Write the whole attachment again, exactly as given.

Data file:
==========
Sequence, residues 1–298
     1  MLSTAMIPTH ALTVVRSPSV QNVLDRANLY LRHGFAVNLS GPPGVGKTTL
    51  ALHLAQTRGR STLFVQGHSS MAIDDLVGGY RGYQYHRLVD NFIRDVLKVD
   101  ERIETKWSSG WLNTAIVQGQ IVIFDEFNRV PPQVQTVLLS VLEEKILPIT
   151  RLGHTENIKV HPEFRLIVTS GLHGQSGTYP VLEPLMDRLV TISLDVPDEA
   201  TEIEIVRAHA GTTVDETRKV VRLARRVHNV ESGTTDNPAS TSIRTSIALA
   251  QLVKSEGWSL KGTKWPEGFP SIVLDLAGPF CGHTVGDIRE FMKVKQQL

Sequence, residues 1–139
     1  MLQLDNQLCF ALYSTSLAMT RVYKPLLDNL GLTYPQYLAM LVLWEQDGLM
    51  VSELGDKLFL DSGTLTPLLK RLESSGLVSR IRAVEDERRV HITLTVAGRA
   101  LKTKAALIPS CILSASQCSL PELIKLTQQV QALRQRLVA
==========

Sequence, residues 1–298
     1  MLSTAMIPTH ALTVVRSPSV QNVLDRANLY LRHGFAVNLS GPPGVGKTTL
    51  ALHLAQTRGR STLFVQGHSS MAIDDLVGGY RGYQYHRLVD NFIRDVLKVD
   101  ERIETKWSSG WLNTAIVQGQ IVIFDEFNRV PPQVQTVLLS VLEEKILPIT
   151  RLGHTENIKV HPEFRLIVTS GLHGQSGTYP VLEPLMDRLV TISLDVPDEA
   201  TEIEIVRAHA GTTVDETRKV VRLARRVHNV ESGTTDNPAS TSIRTSIALA
   251  QLVKSEGWSL KGTKWPEGFP SIVLDLAGPF CGHTVGDIRE FMKVKQQL

Sequence, residues 1–139
     1  MLQLDNQLCF ALYSTSLAMT RVYKPLLDNL GLTYPQYLAM LVLWEQDGLM
    51  VSELGDKLFL DSGTLTPLLK RLESSGLVSR IRAVEDERRV HITLTVAGRA
   101  LKTKAALIPS CILSASQCSL PELIKLTQQV QALRQRLVA